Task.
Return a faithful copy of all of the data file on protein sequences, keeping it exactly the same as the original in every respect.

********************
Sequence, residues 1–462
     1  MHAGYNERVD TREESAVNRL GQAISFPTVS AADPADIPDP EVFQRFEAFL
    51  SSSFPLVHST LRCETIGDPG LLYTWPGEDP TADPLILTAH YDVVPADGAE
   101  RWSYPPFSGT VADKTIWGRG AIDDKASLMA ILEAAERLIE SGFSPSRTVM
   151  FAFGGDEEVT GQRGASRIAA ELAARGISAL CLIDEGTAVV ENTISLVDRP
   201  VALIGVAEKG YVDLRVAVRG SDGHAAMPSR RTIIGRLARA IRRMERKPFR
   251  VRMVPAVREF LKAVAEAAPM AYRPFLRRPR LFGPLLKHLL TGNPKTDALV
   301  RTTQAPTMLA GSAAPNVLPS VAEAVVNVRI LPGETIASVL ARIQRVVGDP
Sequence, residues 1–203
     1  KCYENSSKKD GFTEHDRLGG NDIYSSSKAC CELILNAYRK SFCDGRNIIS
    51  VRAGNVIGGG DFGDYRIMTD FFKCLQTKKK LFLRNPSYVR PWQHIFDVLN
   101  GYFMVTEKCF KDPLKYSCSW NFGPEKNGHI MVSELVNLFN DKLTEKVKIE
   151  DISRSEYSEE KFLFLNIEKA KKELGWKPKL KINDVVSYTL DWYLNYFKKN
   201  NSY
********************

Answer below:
Sequence, residues 1–462
     1  MHAGYNERVD TREESAVNRL GQAISFPTVS AADPADIPDP EVFQRFEAFL
    51  SSSFPLVHST LRCETIGDPG LLYTWPGEDP TADPLILTAH YDVVPADGAE
   101  RWSYPPFSGT VADKTIWGRG AIDDKASLMA ILEAAERLIE SGFSPSRTVM
   151  FAFGGDEEVT GQRGASRIAA ELAARGISAL CLIDEGTAVV ENTISLVDRP
   201  VALIGVAEKG YVDLRVAVRG SDGHAAMPSR RTIIGRLARA IRRMERKPFR
   251  VRMVPAVREF LKAVAEAAPM AYRPFLRRPR LFGPLLKHLL TGNPKTDALV
   301  RTTQAPTMLA GSAAPNVLPS VAEAVVNVRI LPGETIASVL ARIQRVVGDP
Sequence, residues 1–203
     1  KCYENSSKKD GFTEHDRLGG NDIYSSSKAC CELILNAYRK SFCDGRNIIS
    51  VRAGNVIGGG DFGDYRIMTD FFKCLQTKKK LFLRNPSYVR PWQHIFDVLN
   101  GYFMVTEKCF KDPLKYSCSW NFGPEKNGHI MVSELVNLFN DKLTEKVKIE
   151  DISRSEYSEE KFLFLNIEKA KKELGWKPKL KINDVVSYTL DWYLNYFKKN
   201  NSY